Then there was the earthquake earlier this year which closed the cathedral indefinitely. The Cathedral reopened this weekend, but $15 million (source) is needed for repairs. (Even this figure was announced with an additional hefty dollar amount -- $10 million -- needed to fund "cathedral operations through the end of 2012.")

I suspect that not wanting to dip into the principal of its $50 million endowment (interestingly, the Cathedral is not a member of the Consortium of Endowed Episcopal Parishes, which seems strange) the Cathedral will rely on the approximately 14,000 members of the National Cathedral Association and other donors -- because the 800 members of the congregation surely can't foot the bill.

Let's pause here for a minute.

These dollar amounts don't really work out when you're talking about a congregation of 800.

Of course, this isn't your average congregation, this is an Episcopal congregation. Historically Episcopal congregations haven't been shy about throwing a lot of money around.

And this isn't just any congregation, it's a cathedral, and cathedrals certainly play different, larger roles than parish churches.

Indy choirboys hangin' out with Woodrow Wilson

And this isn't just any cathedral, it's the Cathedral Church of St. Peter and St. Paul in the capital city of the United States: it styles itself as the National Cathedral, and it has occupied a tremendously important place as a spiritual home of 300 million nominally deistic Americans. United States Presidents have been "ordained" and buried here.

But that's only once or twice every four years, or so. And yes, it's a beautiful spot...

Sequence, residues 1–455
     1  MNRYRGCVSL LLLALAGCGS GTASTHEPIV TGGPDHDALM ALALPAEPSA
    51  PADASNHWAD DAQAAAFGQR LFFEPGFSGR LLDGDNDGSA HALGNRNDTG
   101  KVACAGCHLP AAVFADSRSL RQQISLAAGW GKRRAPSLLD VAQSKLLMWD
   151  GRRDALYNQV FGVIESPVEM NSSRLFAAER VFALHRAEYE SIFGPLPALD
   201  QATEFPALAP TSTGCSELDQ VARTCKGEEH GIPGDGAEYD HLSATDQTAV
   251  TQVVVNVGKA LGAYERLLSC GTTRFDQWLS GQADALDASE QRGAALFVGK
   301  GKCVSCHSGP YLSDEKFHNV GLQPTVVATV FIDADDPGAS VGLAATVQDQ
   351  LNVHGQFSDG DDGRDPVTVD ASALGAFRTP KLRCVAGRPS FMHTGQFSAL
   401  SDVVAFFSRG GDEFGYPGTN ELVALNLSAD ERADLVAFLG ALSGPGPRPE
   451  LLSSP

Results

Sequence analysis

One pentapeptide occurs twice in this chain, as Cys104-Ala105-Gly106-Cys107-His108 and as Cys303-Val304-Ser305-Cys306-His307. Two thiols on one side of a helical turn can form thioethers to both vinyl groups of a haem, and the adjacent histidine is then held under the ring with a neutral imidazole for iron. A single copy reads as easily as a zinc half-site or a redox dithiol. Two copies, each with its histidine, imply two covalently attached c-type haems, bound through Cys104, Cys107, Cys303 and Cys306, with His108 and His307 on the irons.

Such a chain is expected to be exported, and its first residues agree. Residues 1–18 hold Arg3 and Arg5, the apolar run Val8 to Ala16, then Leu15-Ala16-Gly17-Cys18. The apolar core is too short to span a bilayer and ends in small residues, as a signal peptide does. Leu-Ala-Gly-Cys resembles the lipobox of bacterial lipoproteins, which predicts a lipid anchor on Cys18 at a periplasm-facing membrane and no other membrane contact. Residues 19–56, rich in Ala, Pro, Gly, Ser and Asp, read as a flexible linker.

But when we start to look at how much money is at stake for a diocesan cathedral -- I'm just going to go ahead and ask the question -- is it worth it?

Is there any cathedral in the country, in the world, that costs so much to operate?

This is a huge building. It's not the biggest, or the longest, or the highest in the world, but it does appear on all these lists.

Major funding for the St Peter Tower
was given by Mr & Mrs Eli Lilly
of Indianapolis.

And really, it was just finished. In 1990 the bell towers were finished, which marked the end of an 83 year construction period. Not bad.

And there it sat for 21 years until it started to fall apart in a big way. Ironically, it was one of those "acts of God" things.

So, here we are in 2011, and while the cathedral is not looking at another 83 year construction period, it is looking at a major repair.

And for a building this size and of this scope, this will not be the last. But as cathedrals go this is a brand new place, and if it's going to be around for another 1,000 years before being rebuilt then these are just growing pains.

However, we live in a very different climate now than 1907, and while I in no way mean to diminish the vision and perseverance of those who built the cathedral, I feel that it would be unfair at this time not to ask some questions.

The Episcopal Church grew steadily from the beginning of the twentieth century through the mid-1960s, but has been shrinking steadily since 1966.

Current membership levels in the church are those that we first surpassed in 1939.

And that's not all. Sunday morning attendance -- the actual butts in the pews/cathedral chairs -- is at a much lower level than it was in the 1930s. And these patterns are changing rapidly.

In the diocese where I work Sunday worship attendance has declined by 25% in less than a decade. (I find this statistic terrifying, which is why I keep repeating it)

If we see a trend toward fewer people in church nationally, why should those supporting a very large church building, the National Cathedral, continue to do so? At what point does it become throwing good money after bad?

What functions do cathedrals have in this country anyway? They simply aren't native to this soil -- they're definitely imported from our mother church where they sprang up organically over many hundreds of years.

While I raise these questions in good faith, I don't pretend to know how to begin to propose another way forward. And it wouldn't even really be my place to think about this, except for that moniker "National" Cathedral. But it might be worth allowing the cathedral and the diocese, with their new bishop (congrats, by the way!) to take a deep breath in regard to the priorities and the timetable.

(For instance, when is the next Virginia earthquake? How much will need to be spent to repair it then?)

All of these issues are in God's hands, and these things will work themselves out in due time.